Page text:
Brexit: Cabinet ministers push for Theresa May to support time-limited plan for Irish backstop

They argue it would give her leverage to extract concessions from the EU in critical talks over the next few weeks

Theresa May gives speech before Brexit meaningful vote

Theresa May is under pressure from her cabinet to back a plan to secure a time limit on the Irish backstop hated by so many Tory MPs.

Three senior ministers are pushing for her to support the move to let parliament vote on introducing a sunset clause to the backstop.

They argue it would give her leverage to extract concessions from the European Union, but there is reticence to explicitly back the plan in Downing Street because it could go down badly in Brussels, as it contradicts the deal Ms May spent 19 months negotiating.

The cabinet pressure comes as a Conservative MP again tabled an amendment to achieve a time limit, setting the scene for a new clash with Commons speaker John Bercow because it must be chosen by him for debate.

Ms May led her weekly cabinet meeting on Tuesday, at which ministers received an update on preparedness for Brexit as well having a wider discussion on the UK’s withdrawal process and the backstop.

The backstop comes into play if the UK fails to agree a future trading arrangement with the EU by December 2020, and could potentially lock Britain into an indefinite customs union.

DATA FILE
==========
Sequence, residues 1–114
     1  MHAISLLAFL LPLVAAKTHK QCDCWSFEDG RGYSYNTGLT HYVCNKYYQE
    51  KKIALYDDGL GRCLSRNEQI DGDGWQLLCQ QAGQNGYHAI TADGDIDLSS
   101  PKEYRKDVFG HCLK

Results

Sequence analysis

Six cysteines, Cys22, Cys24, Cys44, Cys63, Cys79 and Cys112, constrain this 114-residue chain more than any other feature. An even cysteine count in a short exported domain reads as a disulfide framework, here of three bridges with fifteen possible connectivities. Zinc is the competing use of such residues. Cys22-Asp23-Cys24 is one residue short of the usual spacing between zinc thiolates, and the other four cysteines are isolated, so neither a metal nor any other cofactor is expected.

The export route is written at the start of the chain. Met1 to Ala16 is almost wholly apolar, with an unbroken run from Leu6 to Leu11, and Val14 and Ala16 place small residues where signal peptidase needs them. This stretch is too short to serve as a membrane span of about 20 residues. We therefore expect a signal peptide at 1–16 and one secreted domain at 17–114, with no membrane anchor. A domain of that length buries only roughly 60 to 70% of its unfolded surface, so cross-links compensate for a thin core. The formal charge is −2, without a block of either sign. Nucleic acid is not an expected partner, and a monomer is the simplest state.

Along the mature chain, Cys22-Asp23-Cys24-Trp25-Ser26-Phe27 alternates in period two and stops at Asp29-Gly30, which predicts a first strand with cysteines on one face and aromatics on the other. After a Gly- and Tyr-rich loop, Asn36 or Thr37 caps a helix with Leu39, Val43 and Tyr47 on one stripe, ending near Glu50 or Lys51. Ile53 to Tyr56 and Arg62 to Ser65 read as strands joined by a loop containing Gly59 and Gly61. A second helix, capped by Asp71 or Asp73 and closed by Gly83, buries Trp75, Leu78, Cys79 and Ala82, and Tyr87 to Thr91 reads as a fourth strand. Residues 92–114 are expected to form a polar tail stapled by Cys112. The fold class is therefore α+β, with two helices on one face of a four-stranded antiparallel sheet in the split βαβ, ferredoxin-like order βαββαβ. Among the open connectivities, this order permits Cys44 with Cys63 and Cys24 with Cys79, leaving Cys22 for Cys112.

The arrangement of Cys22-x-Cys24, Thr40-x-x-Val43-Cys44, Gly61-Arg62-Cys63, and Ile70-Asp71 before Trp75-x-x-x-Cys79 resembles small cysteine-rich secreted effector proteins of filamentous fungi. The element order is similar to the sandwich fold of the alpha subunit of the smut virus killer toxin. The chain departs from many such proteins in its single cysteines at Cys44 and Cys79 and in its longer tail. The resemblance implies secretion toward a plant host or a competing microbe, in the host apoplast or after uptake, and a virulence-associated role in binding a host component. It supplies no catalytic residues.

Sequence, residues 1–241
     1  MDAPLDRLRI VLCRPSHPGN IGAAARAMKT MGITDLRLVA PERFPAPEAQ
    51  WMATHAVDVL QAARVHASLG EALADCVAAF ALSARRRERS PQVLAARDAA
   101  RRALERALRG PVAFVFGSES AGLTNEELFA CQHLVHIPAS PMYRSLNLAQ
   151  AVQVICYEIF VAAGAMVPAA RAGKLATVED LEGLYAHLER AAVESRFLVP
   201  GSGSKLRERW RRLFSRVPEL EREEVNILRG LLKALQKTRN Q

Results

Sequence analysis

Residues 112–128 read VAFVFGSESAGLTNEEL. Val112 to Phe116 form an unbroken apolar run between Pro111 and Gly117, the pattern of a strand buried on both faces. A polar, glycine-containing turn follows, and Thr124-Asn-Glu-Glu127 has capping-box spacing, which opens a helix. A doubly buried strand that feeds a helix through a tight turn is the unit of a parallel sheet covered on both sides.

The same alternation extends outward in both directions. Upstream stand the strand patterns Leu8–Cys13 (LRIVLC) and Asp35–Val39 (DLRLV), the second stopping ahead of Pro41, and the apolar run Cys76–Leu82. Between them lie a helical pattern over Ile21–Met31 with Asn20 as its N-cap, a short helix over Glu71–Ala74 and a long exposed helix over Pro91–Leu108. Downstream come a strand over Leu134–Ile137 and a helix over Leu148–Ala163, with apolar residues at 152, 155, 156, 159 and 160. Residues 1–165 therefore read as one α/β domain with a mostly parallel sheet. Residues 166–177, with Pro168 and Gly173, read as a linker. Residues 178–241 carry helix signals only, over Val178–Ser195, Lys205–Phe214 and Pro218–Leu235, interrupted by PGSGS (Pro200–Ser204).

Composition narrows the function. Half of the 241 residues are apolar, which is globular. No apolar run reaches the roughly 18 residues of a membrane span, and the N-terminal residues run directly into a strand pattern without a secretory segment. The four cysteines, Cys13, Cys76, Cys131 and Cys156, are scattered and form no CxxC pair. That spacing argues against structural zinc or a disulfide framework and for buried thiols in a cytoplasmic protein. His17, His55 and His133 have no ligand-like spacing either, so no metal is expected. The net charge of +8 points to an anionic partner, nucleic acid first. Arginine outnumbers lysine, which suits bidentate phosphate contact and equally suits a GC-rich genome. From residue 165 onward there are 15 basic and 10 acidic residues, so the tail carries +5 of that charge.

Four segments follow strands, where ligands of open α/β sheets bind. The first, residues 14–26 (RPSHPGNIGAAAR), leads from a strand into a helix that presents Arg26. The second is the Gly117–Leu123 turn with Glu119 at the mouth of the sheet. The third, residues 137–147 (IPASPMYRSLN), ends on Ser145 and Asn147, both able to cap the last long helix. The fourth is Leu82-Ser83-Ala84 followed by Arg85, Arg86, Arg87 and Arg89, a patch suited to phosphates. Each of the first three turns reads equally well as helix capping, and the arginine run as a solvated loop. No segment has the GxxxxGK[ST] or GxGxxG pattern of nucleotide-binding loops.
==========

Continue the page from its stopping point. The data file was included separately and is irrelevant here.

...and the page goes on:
Cabinet insiders confirmed reports that foreign secretary Jeremy Hunt argued that the best way to move forward is to get parliamentary backing for a time limit to the backstop, and then take that to Brussels as proof of what must happen for the deal to pass through the Commons.

The Independent understands that Andrea Leadsom and Penny Mordaunt could also back the plan, and have been pushing for it as a way to try to salvage Ms May’s withdrawal agreement.

But one source said the government’s preference would be for MPs to make the move without the executive’s backing, allowing Ms May to argue for a time limit while also being able to claim in Brussels that she had no choice but to do so because parliament had demanded one.

That could happen if Mr Bercow allows MPs to vote on an amendment tabled for a second time by Conservative MP Andrew Murrison, which if passed would make accepting the withdrawal agreement conditional on there being a time limit.

Frustrated EU spokesperson Margaritis Schinas channels Spice Girls on Brexit: ‘Tell us what you want, what you really, really want’

But the last time it was tabled the speaker refused to call it, angering ministers who backed the plan. Others inside No 10 are not confident the EU would respond well, however the amendment was passed.

Tory Brexiteers have begun to suggest they might back Ms May’s deal if she could find a way to extract a new concession on the backstop.

Jacob Rees-Mogg said at the weekend he would prefer the prime minister’s deal to remaining in the EU, and Nadine Dorries also suggested there might be circumstances in which she could support it.

Sammy Wilson of Ms May’s DUP partners in government also indicated he could live with a backstop as long as there are significant changes to it.

At cabinet, pro-EU ministers argued that pressure on Brexiteers to back Ms May’s deal should be intensified by underlining the idea that the UK could just stay in the EU if it is defeated.

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